Whilst VicHealth had data on the percentage of children walking to school pre-intervention and on current participation of children involved in the Victorian program, there were no data available about the consequent change in active transport rates or the number of participants new to active transport. As anecdotal evidence indicated that some participants previously walked to school with a parent, it was assumed that, of the children participating in the WSB intervention, 50% were new to active transport. However, an uncertainty range of 25-75% was placed around this parameter.

Simulation of the intervention

Delivery model

VicHealth funds local municipalities to implement the WSB program. Local governments, in collaboration with the schools and various State authorities and community organisations, facilitate establishment of the walking routes, registration of volunteers and liability insurance for volunteers. Each local government must engage at least four local primary schools during the project. The schools are responsible for the recruitment of both volunteer conductors and children to the program, and for the day-to-day operation of the program. The funding is dependent on the meeting of minimum standards, including the provision of police checks, insurance and training for volunteers and the safety auditing of routes.

Recruitment

It was assumed that the delivery model reflected the intervention operating in 'steady state' in terms of recruitment, uptake and delivery. The current recruitment experience of the Victorian WSB Program [15], shown in the left hand column of Figure 1, was extrapolated to a national level (right hand column). However, the modelling assumed that fewer local governments in other states or territories would be involved in the program because a higher proportion of their population was rural or remote, and lower relevance of the program to their population. It was also assumed that enrolled children were confined to the first three years of primary school (Prep to Grade 2), as is typical of most enrolees. The number of volunteer conductors involved with a WSB ranges from one to five. For the purposes of training, four volunteers per bus were allowed for, giving a total of 8,960 volunteers.
https://static-content.springer.com/image/art%3A10.1186%2F1479-5868-6-63/MediaObjects/12966_2009_Article_276_Fig1_HTML.jpg
Figure 1

Recruitment to the Walking School Bus intervention. a Assumes lower percentage of municipalities involved than under the cost-efficacy trial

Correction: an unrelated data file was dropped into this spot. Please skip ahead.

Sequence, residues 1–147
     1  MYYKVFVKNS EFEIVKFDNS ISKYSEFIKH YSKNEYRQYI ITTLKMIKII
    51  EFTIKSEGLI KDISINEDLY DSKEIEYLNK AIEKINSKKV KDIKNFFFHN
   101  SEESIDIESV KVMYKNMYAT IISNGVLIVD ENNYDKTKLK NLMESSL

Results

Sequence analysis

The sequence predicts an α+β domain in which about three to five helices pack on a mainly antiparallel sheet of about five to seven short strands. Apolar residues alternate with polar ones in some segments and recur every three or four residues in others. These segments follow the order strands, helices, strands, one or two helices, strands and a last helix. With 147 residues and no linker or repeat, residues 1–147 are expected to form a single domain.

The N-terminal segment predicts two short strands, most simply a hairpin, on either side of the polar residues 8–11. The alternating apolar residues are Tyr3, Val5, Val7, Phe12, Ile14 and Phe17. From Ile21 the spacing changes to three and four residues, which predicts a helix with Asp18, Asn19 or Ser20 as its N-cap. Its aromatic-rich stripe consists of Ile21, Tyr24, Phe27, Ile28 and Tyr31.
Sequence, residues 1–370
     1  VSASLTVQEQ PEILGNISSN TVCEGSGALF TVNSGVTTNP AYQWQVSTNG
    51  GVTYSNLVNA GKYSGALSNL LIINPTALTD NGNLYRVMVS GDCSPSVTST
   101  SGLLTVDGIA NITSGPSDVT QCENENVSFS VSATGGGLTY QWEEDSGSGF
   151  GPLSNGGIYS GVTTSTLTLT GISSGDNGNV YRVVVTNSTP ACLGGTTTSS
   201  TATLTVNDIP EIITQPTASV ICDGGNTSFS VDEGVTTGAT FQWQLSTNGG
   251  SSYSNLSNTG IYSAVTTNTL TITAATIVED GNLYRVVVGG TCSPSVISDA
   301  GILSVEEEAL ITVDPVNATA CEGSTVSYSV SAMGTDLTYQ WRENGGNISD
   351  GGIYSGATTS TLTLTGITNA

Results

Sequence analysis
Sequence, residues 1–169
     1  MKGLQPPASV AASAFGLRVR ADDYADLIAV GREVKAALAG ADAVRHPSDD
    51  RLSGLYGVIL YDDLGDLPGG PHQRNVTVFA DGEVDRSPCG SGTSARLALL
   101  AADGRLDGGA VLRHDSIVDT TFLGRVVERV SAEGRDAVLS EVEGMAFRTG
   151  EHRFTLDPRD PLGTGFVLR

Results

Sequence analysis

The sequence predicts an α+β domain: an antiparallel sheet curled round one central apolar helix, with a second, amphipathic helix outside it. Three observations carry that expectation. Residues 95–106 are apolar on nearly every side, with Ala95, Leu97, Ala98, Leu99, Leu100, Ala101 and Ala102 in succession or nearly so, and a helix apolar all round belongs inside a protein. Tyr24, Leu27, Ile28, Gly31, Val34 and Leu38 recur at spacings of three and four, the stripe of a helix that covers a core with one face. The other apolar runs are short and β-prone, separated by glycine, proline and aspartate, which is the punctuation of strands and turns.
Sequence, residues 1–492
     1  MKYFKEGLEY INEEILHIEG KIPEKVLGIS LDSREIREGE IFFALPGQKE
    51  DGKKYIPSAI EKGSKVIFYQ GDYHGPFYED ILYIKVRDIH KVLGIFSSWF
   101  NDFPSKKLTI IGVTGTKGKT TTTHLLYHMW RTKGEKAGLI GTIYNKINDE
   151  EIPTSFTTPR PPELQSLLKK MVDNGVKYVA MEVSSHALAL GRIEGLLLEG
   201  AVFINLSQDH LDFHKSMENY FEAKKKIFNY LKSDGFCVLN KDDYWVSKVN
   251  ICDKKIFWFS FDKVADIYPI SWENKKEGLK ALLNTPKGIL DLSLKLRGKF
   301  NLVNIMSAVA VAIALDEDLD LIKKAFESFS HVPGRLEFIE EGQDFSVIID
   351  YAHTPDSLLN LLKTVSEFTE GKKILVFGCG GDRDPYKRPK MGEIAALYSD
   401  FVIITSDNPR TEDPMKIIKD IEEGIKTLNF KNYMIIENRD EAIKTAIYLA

The benefits at the individual level in terms of reduced BMI and DALYs saved were then applied to participating children new to active transport (50% × 15,680) from the Australian childhood population (age 5-7 years) [6].

Assessment of costs

Pathway analysis was used to identify the component activities of the intervention in order to ascertain the associated resource utilisation (Figure 2). The costs included, unit costs and their sources, and the assumptions employed are specified in Additional file 1. All costs were adjusted to real prices in the reference year using the relevant Consumer Price Index [16].
https://static-content.springer.com/image/art%3A10.1186%2F1479-5868-6-63/MediaObjects/12966_2009_Article_276_Fig2_HTML.jpg
Figure 2

Intervention pathway.

Given the societal perspective, costs to participants and their families, and all sectors involved in the delivery of the intervention were included (Figure 2, Additional file 1). Since the intervention was assumed to be operating in 'steady state', costs involved in set-up, research and development prior to the recruitment phase were not included. Other costs excluded were those associated with the implementation by local government of any improvements along proposed bus routes identified as necessary prior to commencement of a WSB and the costs of monitoring and evaluation above more than a routine level.

Uncertainty analysis

Uncertainty analysis was used to address issues of uncertainty in the results due to sampling error (e.g. in the WSB 'snapshots') and the need to make assumptions due to the lack of evidence surrounding some parameters. The key parameters included in the uncertainty analysis are listed in Table 2. Simulation-modelling was used to facilitate the presentation of an uncertainty interval (median and 2.5 and 97.5 percentiles) around the health benefits, costs and ICERs. The @RISK software was used to conduct Monte Carlo simulations which allow multiple (4,000 in this instance) recalculations of a spreadsheet, each time choosing a value from the specified distribution for each input variable. The ranges presented can be interpreted as the range within which the true value lies with 95% certainty. In addition, the @RISK analysis allows identification of the model parameters that contribute most to the uncertainty in the results.
Table 2

Uncertainty analysis

Parameters

Values

Uncertainty distribution

Sources and assumptions

Height, weight of participants

Mean, SEa

Normalb

[19]

No. local governments making submissions

296, 370, 444c

Triangulard

Estimate

% non-Victorian local governments participating

0.4, 0.5, 0.63

Triangulard

Estimate based on VicHealth figures for Victoria

No. participating schools per local government

4, 1b

Normalb

VicHealth

Persons attending recruitment evening per school

10, 15, 20c

Triangulard

Estimate

Volunteers recruited per school

7,3b

Normalb

Estimate